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17. Fun with Terminal > Changing Permissions with Terminal

Changing Permissions with Terminal

Permissions is a largely invisible, but hugely important, Mac OS X and Unix feature. The behind-the-scenes permissions setting for a file or folder determines whether or not you’re allowed to open it, change it, or delete it. Permissions are the cornerstone of several important Mac OS X features, including the separation of user accounts and the relative invulnerability of the operating system itself.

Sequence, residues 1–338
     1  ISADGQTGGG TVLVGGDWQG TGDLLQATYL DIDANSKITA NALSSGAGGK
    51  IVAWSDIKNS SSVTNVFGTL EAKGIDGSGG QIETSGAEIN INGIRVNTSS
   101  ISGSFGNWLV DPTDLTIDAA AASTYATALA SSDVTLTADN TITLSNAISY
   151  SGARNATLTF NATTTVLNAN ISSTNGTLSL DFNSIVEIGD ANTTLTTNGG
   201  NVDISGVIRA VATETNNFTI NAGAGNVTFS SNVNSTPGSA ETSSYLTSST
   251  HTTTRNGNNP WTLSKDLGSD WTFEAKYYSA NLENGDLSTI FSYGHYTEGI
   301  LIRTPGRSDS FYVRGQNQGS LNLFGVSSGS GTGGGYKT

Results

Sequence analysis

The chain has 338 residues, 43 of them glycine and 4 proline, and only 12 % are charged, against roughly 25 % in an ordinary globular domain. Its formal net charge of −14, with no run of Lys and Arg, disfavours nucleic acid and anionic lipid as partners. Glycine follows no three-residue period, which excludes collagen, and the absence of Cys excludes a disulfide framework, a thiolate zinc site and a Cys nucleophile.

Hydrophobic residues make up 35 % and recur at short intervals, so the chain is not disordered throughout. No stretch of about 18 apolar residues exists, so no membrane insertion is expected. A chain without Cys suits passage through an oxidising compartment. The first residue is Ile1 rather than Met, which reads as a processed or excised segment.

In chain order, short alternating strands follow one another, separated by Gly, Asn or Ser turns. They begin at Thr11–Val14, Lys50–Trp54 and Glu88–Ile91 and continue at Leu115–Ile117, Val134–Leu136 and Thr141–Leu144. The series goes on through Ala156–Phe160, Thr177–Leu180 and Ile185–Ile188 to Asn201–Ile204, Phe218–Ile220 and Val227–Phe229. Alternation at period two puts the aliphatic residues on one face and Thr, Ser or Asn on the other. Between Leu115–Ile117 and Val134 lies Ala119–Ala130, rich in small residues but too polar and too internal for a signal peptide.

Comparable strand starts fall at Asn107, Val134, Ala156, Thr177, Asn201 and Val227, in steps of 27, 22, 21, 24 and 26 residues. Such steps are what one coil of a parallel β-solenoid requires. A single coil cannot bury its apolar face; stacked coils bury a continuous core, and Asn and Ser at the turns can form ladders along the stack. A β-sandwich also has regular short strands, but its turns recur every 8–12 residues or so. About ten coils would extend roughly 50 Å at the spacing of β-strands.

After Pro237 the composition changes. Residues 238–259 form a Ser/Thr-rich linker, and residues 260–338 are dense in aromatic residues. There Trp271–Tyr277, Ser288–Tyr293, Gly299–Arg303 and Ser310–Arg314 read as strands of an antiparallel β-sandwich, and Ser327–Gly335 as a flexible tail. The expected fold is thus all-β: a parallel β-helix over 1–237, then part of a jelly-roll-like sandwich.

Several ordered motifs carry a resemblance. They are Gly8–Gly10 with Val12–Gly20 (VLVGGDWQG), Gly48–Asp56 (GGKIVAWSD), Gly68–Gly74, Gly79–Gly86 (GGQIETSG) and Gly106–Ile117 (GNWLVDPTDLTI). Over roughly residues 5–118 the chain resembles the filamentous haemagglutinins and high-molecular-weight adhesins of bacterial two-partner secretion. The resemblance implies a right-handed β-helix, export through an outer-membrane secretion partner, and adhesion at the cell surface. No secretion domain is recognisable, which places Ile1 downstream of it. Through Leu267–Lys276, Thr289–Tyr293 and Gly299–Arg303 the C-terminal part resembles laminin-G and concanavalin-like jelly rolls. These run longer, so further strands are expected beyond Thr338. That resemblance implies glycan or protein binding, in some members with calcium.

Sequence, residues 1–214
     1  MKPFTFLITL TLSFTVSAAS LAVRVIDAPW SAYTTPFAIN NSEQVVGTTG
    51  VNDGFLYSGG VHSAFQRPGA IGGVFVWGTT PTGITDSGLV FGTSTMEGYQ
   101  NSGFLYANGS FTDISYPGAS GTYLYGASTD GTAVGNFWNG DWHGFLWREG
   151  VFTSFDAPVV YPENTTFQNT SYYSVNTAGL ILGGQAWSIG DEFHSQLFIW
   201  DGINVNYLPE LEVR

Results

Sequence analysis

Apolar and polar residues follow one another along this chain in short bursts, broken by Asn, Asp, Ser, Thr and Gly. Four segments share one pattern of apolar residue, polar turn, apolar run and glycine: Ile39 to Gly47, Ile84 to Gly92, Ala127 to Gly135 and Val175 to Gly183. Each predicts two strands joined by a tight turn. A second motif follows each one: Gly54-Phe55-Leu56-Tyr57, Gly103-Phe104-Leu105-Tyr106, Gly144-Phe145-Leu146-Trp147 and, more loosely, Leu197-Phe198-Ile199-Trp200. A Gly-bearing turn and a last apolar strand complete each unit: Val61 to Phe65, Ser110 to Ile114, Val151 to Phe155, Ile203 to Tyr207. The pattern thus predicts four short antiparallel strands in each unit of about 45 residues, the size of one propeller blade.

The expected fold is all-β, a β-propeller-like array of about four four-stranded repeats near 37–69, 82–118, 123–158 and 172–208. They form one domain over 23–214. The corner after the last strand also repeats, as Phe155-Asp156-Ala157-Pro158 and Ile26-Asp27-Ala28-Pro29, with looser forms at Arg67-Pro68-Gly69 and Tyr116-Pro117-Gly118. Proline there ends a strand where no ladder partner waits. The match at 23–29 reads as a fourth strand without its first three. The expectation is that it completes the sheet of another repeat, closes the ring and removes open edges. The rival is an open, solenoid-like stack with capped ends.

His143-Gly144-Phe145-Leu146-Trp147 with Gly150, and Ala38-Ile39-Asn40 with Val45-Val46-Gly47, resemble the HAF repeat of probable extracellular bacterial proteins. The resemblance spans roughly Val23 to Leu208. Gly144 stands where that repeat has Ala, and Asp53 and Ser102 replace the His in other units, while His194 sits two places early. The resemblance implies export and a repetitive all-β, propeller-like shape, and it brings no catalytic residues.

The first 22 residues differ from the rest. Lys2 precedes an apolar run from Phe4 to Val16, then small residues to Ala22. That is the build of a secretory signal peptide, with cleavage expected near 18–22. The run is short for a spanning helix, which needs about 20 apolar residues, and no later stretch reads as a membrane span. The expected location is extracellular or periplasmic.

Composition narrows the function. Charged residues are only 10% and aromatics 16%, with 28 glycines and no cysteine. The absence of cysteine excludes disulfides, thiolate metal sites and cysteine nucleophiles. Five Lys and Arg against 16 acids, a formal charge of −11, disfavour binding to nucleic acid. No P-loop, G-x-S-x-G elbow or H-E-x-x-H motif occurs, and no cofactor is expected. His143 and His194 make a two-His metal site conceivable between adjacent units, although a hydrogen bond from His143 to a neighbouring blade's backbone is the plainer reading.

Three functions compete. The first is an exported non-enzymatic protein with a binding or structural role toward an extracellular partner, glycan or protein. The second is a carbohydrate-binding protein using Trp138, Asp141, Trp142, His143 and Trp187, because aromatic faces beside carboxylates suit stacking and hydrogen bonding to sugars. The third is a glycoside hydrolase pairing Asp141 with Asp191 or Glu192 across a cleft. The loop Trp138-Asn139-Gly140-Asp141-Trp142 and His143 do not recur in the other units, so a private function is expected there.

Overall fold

You can get a good glimpse at the permissions settings of a file or folder in the Get Info box; see Three Common Scenarios for a discussion. But even there, you’re not seeing all of the permission settings Unix provides, and every now and then, you might want to. Suppose, for example, that you’re a teacher in charge of a computer lab containing 25 Macs. On each computer, you’ve created Standard accounts (see Chapter 12) for five students, for a total of 125 student accounts.


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